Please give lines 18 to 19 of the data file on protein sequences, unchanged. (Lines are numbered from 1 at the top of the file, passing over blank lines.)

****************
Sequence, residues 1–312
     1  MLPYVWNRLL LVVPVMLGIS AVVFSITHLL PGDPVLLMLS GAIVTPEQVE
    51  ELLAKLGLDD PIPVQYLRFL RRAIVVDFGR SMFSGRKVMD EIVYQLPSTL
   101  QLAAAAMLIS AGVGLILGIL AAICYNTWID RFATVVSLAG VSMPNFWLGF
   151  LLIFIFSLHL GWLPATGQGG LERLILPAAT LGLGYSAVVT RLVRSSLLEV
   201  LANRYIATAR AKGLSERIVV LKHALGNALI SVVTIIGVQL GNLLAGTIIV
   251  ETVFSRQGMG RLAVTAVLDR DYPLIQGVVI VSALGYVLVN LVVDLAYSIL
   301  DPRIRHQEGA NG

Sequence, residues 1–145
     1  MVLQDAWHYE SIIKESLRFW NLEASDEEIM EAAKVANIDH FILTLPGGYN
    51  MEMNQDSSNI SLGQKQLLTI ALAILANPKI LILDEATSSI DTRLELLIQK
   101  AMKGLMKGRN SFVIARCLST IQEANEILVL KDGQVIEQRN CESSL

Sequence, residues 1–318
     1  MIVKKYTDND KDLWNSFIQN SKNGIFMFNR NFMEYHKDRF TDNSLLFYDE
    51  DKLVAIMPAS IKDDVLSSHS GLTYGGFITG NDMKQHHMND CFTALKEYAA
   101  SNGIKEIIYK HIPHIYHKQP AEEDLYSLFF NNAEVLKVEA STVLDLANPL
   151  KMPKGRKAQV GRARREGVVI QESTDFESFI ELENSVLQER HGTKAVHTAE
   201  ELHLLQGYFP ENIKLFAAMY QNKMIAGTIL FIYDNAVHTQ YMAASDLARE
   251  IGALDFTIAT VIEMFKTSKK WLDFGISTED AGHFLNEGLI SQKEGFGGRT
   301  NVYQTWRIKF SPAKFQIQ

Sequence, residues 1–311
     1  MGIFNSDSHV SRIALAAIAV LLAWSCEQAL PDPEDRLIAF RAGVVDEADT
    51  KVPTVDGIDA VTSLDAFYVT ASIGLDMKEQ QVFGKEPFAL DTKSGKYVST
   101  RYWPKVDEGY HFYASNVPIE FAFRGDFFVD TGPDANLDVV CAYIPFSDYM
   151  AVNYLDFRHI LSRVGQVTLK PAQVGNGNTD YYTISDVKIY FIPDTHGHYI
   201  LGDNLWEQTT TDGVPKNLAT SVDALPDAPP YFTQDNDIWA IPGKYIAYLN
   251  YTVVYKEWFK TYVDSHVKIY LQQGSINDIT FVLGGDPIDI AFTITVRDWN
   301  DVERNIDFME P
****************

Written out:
   201  ELHLLQGYFP ENIKLFAAMY QNKMIAGTIL FIYDNAVHTQ YMAASDLARE
   251  IGALDFTIAT VIEMFKTSKK WLDFGISTED AGHFLNEGLI SQKEGFGGRT